If you are in the Berkshires this fall or winter make sure to stop in to Bell & Anchor located at 178 Main Street in Great Barrington.
So for the last few years my friend Ilana has been telling me about how her brother, a former law student moved out to SF and was working on opening a pizza truck. Every time she brought it up I was like oh yeah yeah cool, just thinking great all we need is another mediocre food truck in the world. It just so happens Ilana’s brother is Jon Darsky and his pizza truck is Del Popolo one of the most interesting new culinary additions to the Bay Area food scene in the past year. Jon earned his pizzaiolo chops and title at Flour + Water another SF Italian restaurant specializing in pasta and Neapolitan style pies. Not only does the design and fabrication of Jon’s truck set him apart, but the style of pizza he creates(Neapolitan) is the most specific and surprisingly enough regulated type of pie in existence. The 5,000-pound wood-burning oven can get up to almost 1000 degrees fahrenheit and cook a pizza in almost a minute at such high temps. Next time I am in the area Del Popolo is going to be a required stop.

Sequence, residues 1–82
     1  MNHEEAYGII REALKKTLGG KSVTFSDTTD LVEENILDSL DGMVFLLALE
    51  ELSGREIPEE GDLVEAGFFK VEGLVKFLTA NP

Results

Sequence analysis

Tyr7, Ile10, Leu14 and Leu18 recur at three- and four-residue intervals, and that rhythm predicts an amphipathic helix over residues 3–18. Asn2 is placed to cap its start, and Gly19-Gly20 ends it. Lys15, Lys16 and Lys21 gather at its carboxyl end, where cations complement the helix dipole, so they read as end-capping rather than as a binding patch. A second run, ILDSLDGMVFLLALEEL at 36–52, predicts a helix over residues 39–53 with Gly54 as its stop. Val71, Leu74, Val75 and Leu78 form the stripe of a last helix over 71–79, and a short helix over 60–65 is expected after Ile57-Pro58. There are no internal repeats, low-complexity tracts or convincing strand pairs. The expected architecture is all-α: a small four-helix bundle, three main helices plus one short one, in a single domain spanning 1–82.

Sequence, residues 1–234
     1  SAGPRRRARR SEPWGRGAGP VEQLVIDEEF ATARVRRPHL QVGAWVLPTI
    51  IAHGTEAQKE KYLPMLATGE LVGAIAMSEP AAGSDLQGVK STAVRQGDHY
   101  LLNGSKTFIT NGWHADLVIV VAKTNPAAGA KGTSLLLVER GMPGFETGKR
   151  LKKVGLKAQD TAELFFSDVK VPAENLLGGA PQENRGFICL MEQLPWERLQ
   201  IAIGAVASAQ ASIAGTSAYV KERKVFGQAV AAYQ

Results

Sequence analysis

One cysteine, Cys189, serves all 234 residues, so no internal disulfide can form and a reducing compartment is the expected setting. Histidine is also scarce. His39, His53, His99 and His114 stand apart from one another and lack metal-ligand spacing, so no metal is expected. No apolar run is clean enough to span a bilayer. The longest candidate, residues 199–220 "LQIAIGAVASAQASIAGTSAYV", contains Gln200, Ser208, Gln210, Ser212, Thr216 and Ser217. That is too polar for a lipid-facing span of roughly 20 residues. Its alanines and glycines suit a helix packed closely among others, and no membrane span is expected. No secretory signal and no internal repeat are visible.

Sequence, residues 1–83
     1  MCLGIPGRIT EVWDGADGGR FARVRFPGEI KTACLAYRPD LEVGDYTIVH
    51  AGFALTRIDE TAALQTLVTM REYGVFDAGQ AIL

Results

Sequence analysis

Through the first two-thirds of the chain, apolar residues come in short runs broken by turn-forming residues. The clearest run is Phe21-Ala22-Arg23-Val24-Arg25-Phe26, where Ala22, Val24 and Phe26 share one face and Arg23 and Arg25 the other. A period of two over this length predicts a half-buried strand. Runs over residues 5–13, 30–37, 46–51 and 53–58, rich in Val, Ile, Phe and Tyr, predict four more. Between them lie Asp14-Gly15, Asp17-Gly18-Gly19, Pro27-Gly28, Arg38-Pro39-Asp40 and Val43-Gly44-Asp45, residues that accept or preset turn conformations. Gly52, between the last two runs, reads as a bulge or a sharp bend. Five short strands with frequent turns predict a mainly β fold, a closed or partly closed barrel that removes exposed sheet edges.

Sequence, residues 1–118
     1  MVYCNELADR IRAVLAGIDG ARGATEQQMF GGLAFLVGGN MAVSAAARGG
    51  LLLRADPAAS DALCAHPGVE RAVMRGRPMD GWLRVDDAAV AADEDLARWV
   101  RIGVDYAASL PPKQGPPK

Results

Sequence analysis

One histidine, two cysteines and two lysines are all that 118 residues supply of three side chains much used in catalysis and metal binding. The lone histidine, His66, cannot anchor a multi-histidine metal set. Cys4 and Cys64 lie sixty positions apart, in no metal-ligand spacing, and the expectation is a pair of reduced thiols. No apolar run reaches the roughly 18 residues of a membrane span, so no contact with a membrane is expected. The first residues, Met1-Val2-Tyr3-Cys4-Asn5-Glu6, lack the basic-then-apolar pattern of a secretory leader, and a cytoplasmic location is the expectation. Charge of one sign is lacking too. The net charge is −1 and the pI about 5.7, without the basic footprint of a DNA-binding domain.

Smith Hanes restaurant interiors always have a way of elevating both the dinning experience and taking the style of cuisine and extended it out into the space. The new restaurant The Optimist recently opened in Atlanta by Ford Fry is a great example of this. Optimist is the third limb in Fry’s growing Atlanta chef-owned restaurant empire and with an interior like this it is most definitely not a weak link. Hanes worked with graphic designer Alvin Diec on creating the visual elements to accompany the space including signage and menus. All photographs were shot by Andrew Thomas Lee.